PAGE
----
As an exercise in citizen participation in Government I developed a Digital Government Tracker.
At a pivotal time in history, a famous man once said: “Four score and seven years ago our fathers brought forth on this continent, a new nation, conceived in Liberty, and dedicated to the proposition that all men are created equal.” – Gettysburg Address
It’s been almost 150 years since those words were first spoken, but the sentiment remains; a Nation, founded on principles and great expectations must continue to uphold those values, despite great change and through great turmoil.
Certainly no founding father, or citizen, could imagine all the challenges a Nation would face, and the strength of our Government is that “it can always be changed … the beauty of the Constitution is that it makes no set law other than faith in the wisdom of ordinary people to govern themselves.”1
This philosophy, and mandate for constant reaffirmation and reinvention, has never been truer than in the digital age we live in now.
I couldn’t state the case any better than to quote two other great characters in history;
- “In 2011, global smartphone shipments exceeded personal computer shipments for the first time in history, and more Americans will soon access the Internet via mobile devices than desktop PCs.”2
- and ultimately that the “innovative use of technology is fundamentally transforming how the American people do business and live their daily lives.”3
The new U.S. Digital Governmental Strategy attempts to outline how agencies can safely embrace this latest challenge, among the many that technology constantly brings.
Throughout this strategy, and activities such as the Open Government Initiative, I believe there are two overarching implications, beyond the obvious technical considerations:
- Citizens matter – Leaders in the ‘civic hacking’ community such as Jennifer Pahlka, Sunlight Labs, reporters such as Alex Howard, leaders like Todd Park, and many others have shown us that innovations and expectations outside government, can be pushed/pulled into the realm of agencies.
- Evidence-based impact – Never before has there been such an opportunity to illustrate the correlation between cost and value in our Government’s budget (pdf). Technology provides empirical data like nothing else and, given some of the high profile successes and failures in Federal IT, I think technology can link the cost of doing business with the civic value citizens expect and deserve (think SLA’s for Federal services).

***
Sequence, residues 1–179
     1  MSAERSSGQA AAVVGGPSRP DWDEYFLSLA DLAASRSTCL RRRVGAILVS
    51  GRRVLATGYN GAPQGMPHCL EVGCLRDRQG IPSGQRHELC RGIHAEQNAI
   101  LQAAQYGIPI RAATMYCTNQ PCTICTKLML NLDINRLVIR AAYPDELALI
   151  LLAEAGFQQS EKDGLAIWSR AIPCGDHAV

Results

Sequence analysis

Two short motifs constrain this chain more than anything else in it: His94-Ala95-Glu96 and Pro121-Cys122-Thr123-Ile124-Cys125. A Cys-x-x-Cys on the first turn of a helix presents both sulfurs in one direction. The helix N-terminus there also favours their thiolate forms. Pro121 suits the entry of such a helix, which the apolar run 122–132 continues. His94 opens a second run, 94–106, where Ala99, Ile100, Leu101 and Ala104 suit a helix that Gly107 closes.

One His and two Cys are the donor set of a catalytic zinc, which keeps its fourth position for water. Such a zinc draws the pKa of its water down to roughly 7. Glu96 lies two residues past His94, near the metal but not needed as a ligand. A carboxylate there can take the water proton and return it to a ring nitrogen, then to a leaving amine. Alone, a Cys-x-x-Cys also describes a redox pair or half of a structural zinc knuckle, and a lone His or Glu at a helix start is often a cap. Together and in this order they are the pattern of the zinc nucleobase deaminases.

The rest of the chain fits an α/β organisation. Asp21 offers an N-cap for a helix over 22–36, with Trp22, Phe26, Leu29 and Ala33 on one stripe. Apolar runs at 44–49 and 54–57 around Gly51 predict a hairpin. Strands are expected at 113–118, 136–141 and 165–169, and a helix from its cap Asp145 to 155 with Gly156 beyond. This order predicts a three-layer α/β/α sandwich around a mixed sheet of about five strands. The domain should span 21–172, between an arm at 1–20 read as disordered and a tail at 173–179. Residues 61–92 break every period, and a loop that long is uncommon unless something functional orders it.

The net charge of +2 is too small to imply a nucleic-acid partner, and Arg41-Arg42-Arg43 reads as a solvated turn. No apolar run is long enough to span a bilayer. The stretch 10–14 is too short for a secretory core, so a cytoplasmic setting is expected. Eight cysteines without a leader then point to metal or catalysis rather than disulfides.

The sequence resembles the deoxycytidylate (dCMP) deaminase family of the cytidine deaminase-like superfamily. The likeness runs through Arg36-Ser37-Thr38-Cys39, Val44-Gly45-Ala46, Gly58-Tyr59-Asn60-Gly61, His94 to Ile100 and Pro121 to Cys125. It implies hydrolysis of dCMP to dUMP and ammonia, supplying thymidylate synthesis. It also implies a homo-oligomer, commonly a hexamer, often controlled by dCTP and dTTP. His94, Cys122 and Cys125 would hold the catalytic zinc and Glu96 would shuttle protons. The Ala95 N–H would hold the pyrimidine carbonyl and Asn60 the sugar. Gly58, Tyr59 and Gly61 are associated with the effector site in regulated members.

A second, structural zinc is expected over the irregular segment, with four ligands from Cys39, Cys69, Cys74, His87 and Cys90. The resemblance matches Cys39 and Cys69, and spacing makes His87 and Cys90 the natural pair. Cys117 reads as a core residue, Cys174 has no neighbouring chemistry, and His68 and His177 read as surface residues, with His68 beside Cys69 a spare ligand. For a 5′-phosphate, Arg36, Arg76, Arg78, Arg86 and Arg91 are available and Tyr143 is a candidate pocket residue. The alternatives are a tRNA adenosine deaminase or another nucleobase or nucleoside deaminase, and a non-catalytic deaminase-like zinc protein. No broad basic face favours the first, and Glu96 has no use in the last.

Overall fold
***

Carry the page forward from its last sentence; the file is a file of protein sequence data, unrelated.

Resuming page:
Certainly there are are some high profile efforts to engage citizens in these activities, but when the WhiteHouse github account has only 2 followers (as of 6/2/2012) I can’t help but feel like the evidence for change is still unfolding.
Rather than being daunted by the circumstances, I decided to be inspired by these ‘digital government heroes’. I’m sure we’ll never be a country where developers get a nanoKardishian of attention, or receive the star treatment Europe bestows on board-game designers.
However, there is an important transformation looming, for geeks not just government. So I decided to create a personal project to, quite literally, codify some of my experiences and I’ve made it open source, to pay a small debt of gratitude to some of the geeks in government.
Specifically the requirements for every agency to establish:
- Per the Presidential Memo, in 90 days: www.[agency].gov/digitalstrategy
- Per the Digital Strategy, in 12 months: agency.gov/developer
One of the interesting lessons I learned through this exercise, was that agencies are required to create two websites!
Although I have not participated in the creation of these policies, I have been involved as an analyst and advocate for government transformation, and my experience suggests that most participants assumed there was only URL.
I think this is a great example of how making dialogues tangible, through technology, reduces ambiguity and improves the results.
This site owes much to the SunlightLabs and the /Open Watcher site. NIST also has an excellent IPv6 and DNSSEC Deployment Monitor that may be a relative first in tracking success through empirical evidence based assessment. Perhaps The Government Accountability Office could partner with The Office of Management and Budget to developed these techniques, making process of government, not just its citizen services, more efficient and effective.
“I want us to ask ourselves every day, how are we using technology to make a real difference in people’s lives.”4 – President Barack Obama
I hope in some small way this manages to help.